Horses can read human facial expressions and remember a person’s mood, a recent study has shown.
Horses in the study were shown to respond more positively to people they had previously seen smiling and were wary of those they recall frowning.
When the horses were shown angry faces, their heart rates increased significantly. They also moved their heads to look at the angry photos through their left eye — a key sign that showed researchers the horses were perceiving a negative stimuli.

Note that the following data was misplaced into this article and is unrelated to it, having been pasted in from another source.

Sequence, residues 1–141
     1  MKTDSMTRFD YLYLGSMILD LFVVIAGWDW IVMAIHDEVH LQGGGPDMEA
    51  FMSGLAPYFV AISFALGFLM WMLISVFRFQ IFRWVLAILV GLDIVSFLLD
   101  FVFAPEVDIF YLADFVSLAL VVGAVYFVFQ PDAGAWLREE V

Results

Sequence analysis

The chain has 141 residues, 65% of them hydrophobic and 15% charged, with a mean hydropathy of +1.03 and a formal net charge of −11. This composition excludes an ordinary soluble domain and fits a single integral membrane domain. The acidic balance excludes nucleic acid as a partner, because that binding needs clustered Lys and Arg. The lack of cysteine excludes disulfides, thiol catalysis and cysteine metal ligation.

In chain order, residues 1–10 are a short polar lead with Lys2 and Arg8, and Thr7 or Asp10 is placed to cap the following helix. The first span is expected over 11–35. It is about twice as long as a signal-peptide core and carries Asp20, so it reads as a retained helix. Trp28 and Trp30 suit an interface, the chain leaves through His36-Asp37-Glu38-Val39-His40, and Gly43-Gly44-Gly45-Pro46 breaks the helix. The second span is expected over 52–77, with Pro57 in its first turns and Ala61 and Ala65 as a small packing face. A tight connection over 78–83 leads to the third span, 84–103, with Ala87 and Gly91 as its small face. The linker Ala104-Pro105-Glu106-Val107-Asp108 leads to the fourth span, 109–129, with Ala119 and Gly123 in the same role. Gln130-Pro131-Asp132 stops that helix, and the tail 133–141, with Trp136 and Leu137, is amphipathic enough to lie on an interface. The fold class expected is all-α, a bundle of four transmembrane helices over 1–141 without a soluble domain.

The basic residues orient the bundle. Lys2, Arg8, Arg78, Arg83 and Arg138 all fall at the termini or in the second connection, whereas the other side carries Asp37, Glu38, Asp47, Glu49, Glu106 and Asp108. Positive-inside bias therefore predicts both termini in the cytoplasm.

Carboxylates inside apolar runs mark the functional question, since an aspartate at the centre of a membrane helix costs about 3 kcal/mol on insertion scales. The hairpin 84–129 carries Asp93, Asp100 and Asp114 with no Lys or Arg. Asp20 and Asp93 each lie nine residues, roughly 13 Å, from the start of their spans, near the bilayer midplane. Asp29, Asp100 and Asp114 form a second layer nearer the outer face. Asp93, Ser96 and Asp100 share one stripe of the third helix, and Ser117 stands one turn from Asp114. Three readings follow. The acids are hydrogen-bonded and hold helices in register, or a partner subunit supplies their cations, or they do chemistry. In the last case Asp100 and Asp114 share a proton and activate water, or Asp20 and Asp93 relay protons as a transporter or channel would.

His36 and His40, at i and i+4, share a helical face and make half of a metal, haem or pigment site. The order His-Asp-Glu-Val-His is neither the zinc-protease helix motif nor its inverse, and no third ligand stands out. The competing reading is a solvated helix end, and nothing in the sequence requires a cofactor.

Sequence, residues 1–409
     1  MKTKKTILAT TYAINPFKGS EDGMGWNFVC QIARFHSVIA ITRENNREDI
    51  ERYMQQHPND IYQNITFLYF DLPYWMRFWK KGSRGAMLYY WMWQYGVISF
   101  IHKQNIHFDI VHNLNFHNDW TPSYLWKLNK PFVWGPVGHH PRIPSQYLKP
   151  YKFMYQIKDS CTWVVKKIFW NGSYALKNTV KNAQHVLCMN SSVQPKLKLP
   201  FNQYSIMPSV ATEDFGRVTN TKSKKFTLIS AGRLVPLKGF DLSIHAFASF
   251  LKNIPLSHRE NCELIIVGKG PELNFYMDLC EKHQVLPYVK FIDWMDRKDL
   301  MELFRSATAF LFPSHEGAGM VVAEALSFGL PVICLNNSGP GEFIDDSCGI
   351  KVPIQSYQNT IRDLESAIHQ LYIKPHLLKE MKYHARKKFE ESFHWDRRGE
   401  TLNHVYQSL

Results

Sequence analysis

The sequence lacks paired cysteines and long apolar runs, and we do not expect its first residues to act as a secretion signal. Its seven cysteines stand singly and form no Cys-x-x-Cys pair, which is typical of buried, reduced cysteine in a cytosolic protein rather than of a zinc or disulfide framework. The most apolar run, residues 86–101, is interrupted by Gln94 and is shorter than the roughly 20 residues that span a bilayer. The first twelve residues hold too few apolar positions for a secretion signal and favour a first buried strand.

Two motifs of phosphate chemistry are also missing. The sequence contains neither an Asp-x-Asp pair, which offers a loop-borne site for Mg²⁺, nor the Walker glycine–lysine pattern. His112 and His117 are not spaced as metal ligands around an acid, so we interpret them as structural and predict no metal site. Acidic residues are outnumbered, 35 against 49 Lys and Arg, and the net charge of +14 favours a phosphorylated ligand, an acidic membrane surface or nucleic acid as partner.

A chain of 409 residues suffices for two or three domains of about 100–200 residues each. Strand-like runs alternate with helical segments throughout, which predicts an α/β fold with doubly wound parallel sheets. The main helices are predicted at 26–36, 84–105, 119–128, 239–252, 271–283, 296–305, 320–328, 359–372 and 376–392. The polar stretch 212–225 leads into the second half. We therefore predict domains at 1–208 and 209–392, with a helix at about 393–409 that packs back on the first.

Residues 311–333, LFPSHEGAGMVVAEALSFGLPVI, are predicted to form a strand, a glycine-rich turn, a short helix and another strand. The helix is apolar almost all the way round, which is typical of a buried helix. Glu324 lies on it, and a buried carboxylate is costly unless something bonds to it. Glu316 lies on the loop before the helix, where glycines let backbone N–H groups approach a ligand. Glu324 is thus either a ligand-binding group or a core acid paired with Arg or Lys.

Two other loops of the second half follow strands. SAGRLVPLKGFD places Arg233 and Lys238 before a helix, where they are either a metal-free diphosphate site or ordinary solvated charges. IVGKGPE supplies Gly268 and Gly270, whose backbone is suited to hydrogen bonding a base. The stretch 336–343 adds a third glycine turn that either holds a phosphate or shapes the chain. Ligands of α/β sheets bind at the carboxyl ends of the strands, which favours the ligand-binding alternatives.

Many species (like horses) process what their left eye is seeing in the right hemisphere of their brain. And that’s where the brain processes threatening stimuli, researchers noted.
So horses looking at the angry faces with their left eye suggests that they could tell the person in the photo might pose a threat to them.
We have known for a long time that horses are a socially sophisticated species, but this study is the first that proves horses can distinguish between positive and negative human facial expressions.